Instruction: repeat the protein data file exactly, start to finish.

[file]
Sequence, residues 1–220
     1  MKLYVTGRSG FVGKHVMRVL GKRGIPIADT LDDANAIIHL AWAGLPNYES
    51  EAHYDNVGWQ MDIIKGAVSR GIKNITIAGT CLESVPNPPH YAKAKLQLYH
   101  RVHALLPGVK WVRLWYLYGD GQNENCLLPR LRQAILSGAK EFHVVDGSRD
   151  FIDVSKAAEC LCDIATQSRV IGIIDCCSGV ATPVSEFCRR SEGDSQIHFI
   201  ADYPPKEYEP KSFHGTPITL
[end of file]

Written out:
Sequence, residues 1–220
     1  MKLYVTGRSG FVGKHVMRVL GKRGIPIADT LDDANAIIHL AWAGLPNYES
    51  EAHYDNVGWQ MDIIKGAVSR GIKNITIAGT CLESVPNPPH YAKAKLQLYH
   101  RVHALLPGVK WVRLWYLYGD GQNENCLLPR LRQAILSGAK EFHVVDGSRD
   151  FIDVSKAAEC LCDIATQSRV IGIIDCCSGV ATPVSEFCRR SEGDSQIHFI
   201  ADYPPKEYEP KSFHGTPITL